2. Materials and Methods
2.1. Experimental Setup
2.2. Experiment Procedure
- Fill the groove with DI water.
- Turn on the Peltier element to start the cooling of the plate.
- Remove the chamber and wipe the surface from all natural frost that has been formed from the moisture content of the air.
- Fill the pipette with the mix of DI water and particles and lower it into the chamber.
- Turn on the laser and start filming.
- Wait until the plate is at −8 °C.
- Release the droplet.
- When the singular tip can be observed and it is completely frozen, stop filming, turn off the laser and turn off the cooling of the plate.
- Wait until the droplets have melted and wipe all water off the plate and repeat.
2.3. Data and Uncertainty Analysis
3. Results and Discussion
3.1. Droplet Radius and Contact Angle
3.2. Freezing Time
3.3. Velocity Profile
- From the experiments it can be concluded that the contact radius and angle of a droplets impact on a substrate can be controlled to a higher degree when using a groove filled with ice rather than impinging on a flat surface covered with a layer of natural frost. The repeatability study of 81 experiments showed to a rather high degree that, when introducing a groove in the plate, the contact radius could be predetermined with a standard deviation of 0.85%.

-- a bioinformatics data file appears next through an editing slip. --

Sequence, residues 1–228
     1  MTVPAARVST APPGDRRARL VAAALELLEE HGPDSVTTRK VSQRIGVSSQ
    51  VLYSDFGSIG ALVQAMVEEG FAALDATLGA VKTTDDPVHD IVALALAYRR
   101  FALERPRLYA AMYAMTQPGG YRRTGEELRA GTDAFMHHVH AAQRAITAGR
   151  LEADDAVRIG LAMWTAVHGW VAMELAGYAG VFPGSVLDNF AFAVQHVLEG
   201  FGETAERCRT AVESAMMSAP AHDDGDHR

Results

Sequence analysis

- The experimental results show that the freezing time is dependent on the contact angle and hence also the height of the droplet. A higher contact angle will increase the time of freezing. Dependence on contact radius is not as visible in this work since the contact radius between metal and droplet is rather constant due to the groove.
- The velocity profile was determined inside the droplet before and after the direction change for the three substrate materials. At the point where the velocity was highest (75% between the top and freezing front), copper had the highest velocity, followed by aluminium and then steel. The internal velocities thus follows the thermal conductivites with copper having the highest thermal conductivity and steel the lowest. This order only applies for the fastest point; both at the top and at a height of 50%, steel had a higher velocity than aluminium. The overall velocity difference between aluminium and steel is, however, rather small. Copper is 16.39% faster than aluminium, and aluminium is 5.78% faster than steel at the highest velocity. There is thus a difference in internal flow between the substrates, but the difference between aluminium and steel is not as distinct as for copper.
Institutional Review Board Statement
Informed Consent Statement
Data Availability Statement
Conflicts of Interest
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|Material||Thermal Conductivity [W m K ]|
|Pre Turn||Copper [%]||Aluminium [%]||Steel [%]||After Turn||Copper [%]||Aluminium [%]||Steel [%]|
|Ice front||0.2478||0.3743||0.3556||Ice front||0.1785||0.2288||0.2339|
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